From the April 15, 2007, New York Times:
The Way We Live Now
Who’s Watching the F.B.I.?
By JEFFREY ROSEN
In “A Midsummer Night’s Sex Comedy,” Woody Allen shows up at Mia Farrow’s window on a flying bicycle and urges her to hop on. “Andrew, we’ll get killed,” she protests. “Trust me,” he replies, “it’s me, Andrew.” She looks skeptical, and he tries again. “Trust me anyhow.”
In the latest and most serious post-9/11 civil-liberties abuse to emerge from Washington, the Bush administration’s “Trust me anyhow” defense has finally collapsed.
The scandal involves “national-security letters,” which the F.B.I. has secretly used to scrutinize the financial data, travel records and telephone logs of thousands of U.S. citizens and residents. In March, a report by the inspector general of the Justice Department described “widespread and serious misuse” of national-security letters after the U.S.A. Patriot Act of 2001 significantly expanded the F.B.I.’s authority to issue them: between 2003 and 2005, he concluded, the F.B.I. issued more than 140,000 national-security letters, many involving people with no obvious connections to terrorism. The Bush administration was fortunate that, shortly after the F.B.I. scandal broke, the tempest over the Justice Department’s firing of prosecutors bumped it off the front page.
National-security letters are especially susceptible to abuse because they’re not subject to independent review by a judge or magistrate and because the recipients are forbidden to discuss them. In an op-ed article published anonymously last month in The Washington Post, the president of a small Internet-access business described the “stressful and surreal” experience of receiving a national-security letter. Under threat of criminal prosecution, he wrote, he was forbidden to discuss any aspect of the case with his colleagues, his family, his girlfriend or the client whose data he had been ordered to reveal.
National-security letters were authorized in 1978 as a narrow exception to federal privacy laws, and their reach was expanded in 1986 to give the F.B.I. easier access to the records of suspected spies. The F.B.I. could issue the letters only if senior officials in Washington had a factual basis for believing that the records pertained to a suspected spy or terrorist. But the Patriot Act diluted these requirements, allowing F.B.I. field agents to issue the orders on their own say-so merely by asserting that they were “relevant” to a terrorism investigation.
Critics warned that these changes would let the F.B.I. collect the personal data of Americans with no clear ties to suspected terrorists, but few predicted the magnitude of the F.B.I.’s incompetence. The inspector general’s report found that the F.B.I. wasn’t even following its own internal guidelines and in some cases had violated federal law. The bureau wasn’t keeping signed copies of all its national-security letters and, as a result, couldn’t properly track the data it got. In the spirit of the Keystone Kops, it didn’t realize when it received data on the wrong person. When an F.B.I. official complained to his superiors, he was ignored.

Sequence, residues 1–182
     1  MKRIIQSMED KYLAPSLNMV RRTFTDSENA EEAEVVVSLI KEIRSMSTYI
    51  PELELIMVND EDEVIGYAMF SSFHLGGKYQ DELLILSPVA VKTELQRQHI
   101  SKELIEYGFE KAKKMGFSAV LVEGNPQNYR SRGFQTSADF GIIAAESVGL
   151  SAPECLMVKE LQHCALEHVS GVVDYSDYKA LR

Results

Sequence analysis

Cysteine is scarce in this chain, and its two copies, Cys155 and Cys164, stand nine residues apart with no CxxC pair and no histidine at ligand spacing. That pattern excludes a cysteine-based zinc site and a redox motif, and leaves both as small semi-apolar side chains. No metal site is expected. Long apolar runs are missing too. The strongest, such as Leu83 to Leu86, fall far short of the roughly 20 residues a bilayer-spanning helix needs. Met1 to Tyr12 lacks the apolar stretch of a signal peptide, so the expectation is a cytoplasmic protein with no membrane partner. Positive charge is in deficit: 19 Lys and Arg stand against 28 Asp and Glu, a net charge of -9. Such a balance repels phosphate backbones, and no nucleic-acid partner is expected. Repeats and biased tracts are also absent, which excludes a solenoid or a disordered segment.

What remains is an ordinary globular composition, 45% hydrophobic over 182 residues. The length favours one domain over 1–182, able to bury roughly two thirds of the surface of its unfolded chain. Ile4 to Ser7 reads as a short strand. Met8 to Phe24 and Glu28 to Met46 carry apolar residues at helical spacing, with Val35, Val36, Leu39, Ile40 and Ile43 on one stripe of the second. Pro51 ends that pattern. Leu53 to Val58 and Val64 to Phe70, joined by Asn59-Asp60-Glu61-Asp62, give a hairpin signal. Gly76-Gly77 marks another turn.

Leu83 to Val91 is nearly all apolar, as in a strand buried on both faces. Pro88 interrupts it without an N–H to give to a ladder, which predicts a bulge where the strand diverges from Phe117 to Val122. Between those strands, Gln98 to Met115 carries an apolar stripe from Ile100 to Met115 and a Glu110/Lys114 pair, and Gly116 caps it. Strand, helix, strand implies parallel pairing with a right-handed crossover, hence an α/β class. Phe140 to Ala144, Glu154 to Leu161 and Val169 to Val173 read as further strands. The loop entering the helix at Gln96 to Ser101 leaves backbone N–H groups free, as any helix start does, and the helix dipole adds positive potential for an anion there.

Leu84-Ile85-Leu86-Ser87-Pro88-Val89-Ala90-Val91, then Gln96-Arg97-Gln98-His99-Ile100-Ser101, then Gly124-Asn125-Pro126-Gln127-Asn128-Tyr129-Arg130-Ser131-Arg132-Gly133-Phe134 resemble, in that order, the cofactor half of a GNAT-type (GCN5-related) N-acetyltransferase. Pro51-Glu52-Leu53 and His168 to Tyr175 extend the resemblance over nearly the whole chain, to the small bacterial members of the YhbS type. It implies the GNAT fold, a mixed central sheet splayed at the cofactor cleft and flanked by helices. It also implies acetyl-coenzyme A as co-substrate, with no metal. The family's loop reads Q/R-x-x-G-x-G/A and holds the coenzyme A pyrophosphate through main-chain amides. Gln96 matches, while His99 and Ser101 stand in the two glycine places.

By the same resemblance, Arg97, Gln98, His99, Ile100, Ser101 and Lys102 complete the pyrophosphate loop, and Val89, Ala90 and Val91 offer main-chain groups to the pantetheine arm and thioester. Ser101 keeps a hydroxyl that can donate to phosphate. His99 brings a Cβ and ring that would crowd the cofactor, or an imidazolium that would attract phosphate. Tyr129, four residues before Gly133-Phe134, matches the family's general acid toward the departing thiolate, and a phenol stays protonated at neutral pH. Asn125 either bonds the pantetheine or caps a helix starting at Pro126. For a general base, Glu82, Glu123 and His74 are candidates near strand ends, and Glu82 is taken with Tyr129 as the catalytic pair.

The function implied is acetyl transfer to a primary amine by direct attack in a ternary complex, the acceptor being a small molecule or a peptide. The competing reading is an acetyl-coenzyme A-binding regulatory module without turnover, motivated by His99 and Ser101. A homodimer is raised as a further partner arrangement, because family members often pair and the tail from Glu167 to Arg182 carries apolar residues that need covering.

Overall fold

It is too simple to attribute the F.B.I.’s abuses to plain carelessness. They also reflect the bureau’s struggles to reinvent itself as an agency devoted not merely to prosecuting past crimes but also to preventing future ones. The prevention strategy is based on the idea that the best way to avoid future 9/11’s is to collect information on lots of people who aren’t obviously terrorists and prosecute them for minor crimes before they have an opportunity to blow up buildings. This necessarily encourages dragnet searches of millions of people who turn out to be innocent. But even if F.B.I. agents clear the subject of a national-security letter, they store the information gleaned from it in digital databases that include more than a half-billion records, are not purged for at least 20 years and can be shared with state law-enforcement agencies or with private businesses for data mining.
Because of the amorphous nature of the terrorist threat, the F.B.I. may be right that it needs the power to investigate people who it isn’t sure in advance are terrorist suspects. Predicting who might be a terrorist in the future is much harder than prosecuting known spies who committed crimes in the past. But dragnets have their price.
Fortunately, some in the new Congress have indicated that they intend to revisit the Patriot Act. The broad outlines of the necessary reforms have long been obvious. Congress needs to restore independent review by judges in cases where the Patriot Act eliminated it, ensuring neutral oversight of secret searches. Those searches should be focused on the associates of suspected terrorists, rather than sweeping up any citizen who has information that might possibly be relevant. And Congress should restore a degree of transparency by lifting the gag orders in secret searches after a reasonable period of time.
At a hearing before the House Select Intelligence Committee last month, Justice Department and F.B.I. witnesses, sticking doggedly to their script, said that putting courts in the middle of the process would slow it down. This time, however, the “Trust me anyhow” defense had few takers. “I think self-policing has failed horribly,” said Representative John Tierney, a Massachusetts Democrat. If Congress continues to focus on the F.B.I. abuses, many Americans may come around to the same view. Unlike the National Security Agency’s warrantless surveillance of suspected terrorists abroad, which supposedly involved them, the F.B.I.’s domestic surveillance clearly involves us.
Jeffrey Rosen, a frequent contributor, is the author most recently of “The Supreme Court: The Personalities and Rivalries That Defined America.”
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